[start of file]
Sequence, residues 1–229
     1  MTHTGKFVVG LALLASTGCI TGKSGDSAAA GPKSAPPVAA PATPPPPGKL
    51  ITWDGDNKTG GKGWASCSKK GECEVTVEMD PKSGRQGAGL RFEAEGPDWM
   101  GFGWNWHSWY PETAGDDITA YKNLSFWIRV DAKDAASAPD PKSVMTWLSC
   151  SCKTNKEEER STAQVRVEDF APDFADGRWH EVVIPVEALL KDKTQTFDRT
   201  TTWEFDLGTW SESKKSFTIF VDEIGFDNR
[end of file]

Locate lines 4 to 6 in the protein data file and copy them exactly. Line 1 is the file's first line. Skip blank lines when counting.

   101  GFGWNWHSWY PETAGDDITA YKNLSFWIRV DAKDAASAPD PKSVMTWLSC
   151  SCKTNKEEER STAQVRVEDF APDFADGRWH EVVIPVEALL KDKTQTFDRT
   201  TTWEFDLGTW SESKKSFTIF VDEIGFDNR